Tsonga's sting hurting opponents
Sunday, 20 January, 2008
By Andrew Wu
He may not yet float like a butterfly but French sensation Jo-Wilfried Tsonga's sting has already seen the demise of two top-10 players at this year's Australian Open.
Tsonga still has a long way to go to become tennis' version of the great Muhammad Ali, with whom the Frenchman bears an uncanny resemblance, but he is fast emerging as the fairytale story of this year's tournament.
Just as Marcos Baghdatis and Fernando Gonzalez, finalists in 2006 and 2007 respectively, won the hearts and minds of the Melbourne fans with their breathtaking play and exuberant personality, Tsonga is doing likewise in 2008.
And he was also appreciative of the support from the Melbourne crowd.
"I try to take some strength, because it's just unbelievable to be there. And a lot of people would like to be there. And me, I'm there," he said.
"I can play with the public. I can make a lot of show. And that's just cool. I'm very happy to be on the court."
The 22-year-old, whose career has been plagued by shoulder and back injuries, advanced to his first grand slam quarter-final when he defeated world No.8 Richard Gasquet 6-2 6-7 (5-7) 7-6 (8-6) 6-3.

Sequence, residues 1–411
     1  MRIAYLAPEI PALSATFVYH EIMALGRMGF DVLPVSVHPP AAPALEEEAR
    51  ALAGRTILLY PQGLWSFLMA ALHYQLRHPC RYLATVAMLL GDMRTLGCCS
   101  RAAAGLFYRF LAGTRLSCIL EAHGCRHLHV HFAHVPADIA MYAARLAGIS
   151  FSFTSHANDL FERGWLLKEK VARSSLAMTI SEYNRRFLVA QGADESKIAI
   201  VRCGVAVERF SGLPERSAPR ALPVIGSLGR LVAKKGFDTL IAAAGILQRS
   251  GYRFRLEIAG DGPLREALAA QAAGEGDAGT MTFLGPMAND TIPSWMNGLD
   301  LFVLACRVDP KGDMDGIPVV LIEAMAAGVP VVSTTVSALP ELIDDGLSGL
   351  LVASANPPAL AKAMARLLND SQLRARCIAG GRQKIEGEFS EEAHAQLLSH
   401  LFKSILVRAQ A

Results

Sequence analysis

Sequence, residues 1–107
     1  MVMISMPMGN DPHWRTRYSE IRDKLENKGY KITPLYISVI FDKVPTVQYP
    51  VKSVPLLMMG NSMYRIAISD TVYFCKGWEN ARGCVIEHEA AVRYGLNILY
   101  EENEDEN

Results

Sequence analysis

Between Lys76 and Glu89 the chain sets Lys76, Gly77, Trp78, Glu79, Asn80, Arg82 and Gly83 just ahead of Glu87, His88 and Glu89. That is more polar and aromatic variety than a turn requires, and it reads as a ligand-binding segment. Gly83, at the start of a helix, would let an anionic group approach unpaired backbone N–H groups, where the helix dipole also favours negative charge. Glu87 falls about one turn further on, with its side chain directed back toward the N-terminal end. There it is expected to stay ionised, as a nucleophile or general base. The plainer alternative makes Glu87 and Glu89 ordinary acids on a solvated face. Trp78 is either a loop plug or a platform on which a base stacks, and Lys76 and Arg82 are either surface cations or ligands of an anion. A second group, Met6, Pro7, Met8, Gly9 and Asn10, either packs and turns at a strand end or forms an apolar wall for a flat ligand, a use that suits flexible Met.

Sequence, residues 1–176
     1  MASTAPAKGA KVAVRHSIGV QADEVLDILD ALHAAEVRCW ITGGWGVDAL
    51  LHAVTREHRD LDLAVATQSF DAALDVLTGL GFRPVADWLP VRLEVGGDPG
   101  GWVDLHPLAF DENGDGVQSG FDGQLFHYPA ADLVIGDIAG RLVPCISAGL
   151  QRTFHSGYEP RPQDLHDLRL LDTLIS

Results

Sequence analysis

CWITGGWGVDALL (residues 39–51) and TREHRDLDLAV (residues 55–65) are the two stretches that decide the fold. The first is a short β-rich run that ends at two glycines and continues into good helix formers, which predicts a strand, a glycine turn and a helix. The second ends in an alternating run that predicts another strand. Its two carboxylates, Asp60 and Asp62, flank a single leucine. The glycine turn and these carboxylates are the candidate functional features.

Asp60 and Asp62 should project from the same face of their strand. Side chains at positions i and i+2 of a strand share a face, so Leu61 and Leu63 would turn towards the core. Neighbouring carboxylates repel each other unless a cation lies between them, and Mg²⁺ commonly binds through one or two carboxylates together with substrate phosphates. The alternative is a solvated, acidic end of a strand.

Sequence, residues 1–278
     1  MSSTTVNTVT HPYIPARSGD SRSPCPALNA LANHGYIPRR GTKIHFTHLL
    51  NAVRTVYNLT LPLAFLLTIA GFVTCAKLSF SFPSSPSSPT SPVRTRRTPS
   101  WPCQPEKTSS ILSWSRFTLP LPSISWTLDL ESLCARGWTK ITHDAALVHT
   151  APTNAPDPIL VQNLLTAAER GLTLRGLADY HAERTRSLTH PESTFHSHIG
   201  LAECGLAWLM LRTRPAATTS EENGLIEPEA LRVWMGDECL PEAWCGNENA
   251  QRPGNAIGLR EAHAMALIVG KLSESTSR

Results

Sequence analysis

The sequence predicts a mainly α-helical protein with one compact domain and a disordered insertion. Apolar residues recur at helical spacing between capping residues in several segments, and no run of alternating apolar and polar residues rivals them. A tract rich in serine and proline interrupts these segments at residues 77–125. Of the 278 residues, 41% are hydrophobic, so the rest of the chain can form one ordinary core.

Not only does Tsonga possess a forehand to die for, he is refreshingly honest.
When asked at his post-match press conference what went through his mind after he lost the second set in a tie-breaker moments after failing to win it on his serve, Tsonga said in his broken English: "Oh shit, shit, what's wrong with me?"
"OK, stay on the court. OK, he played the second set like me, and maybe he's going to be tired, also. So we are equal and let's go for the third set."
It is that sort of fearless attitude which has helped Tsonga, who stole a set from eventual semi-finalist Andy Roddick in the first round of last year's tournament, slash his ranking from 345 at the end of 2005 to his current career-best of 38.
And it also helped him overcome the nerves which some developing players have when pitted against their country's No.1 ranked player.
"Was it more difficult? It's difficult to play a friend, and you have to separate everything," he explained.
"OK, we are friends but when we are on the court, it's different, and I need to do my best to beat him. And that's the difficulty."
Should Tsonga overcome Russian No.14 seed Mikhail Youzhny in the quarters then a potential date with world No.2 Rafael Nadal awaits him.
Beat him and the man who looks like Ali could be facing the Ali of tennis, Roger Federer.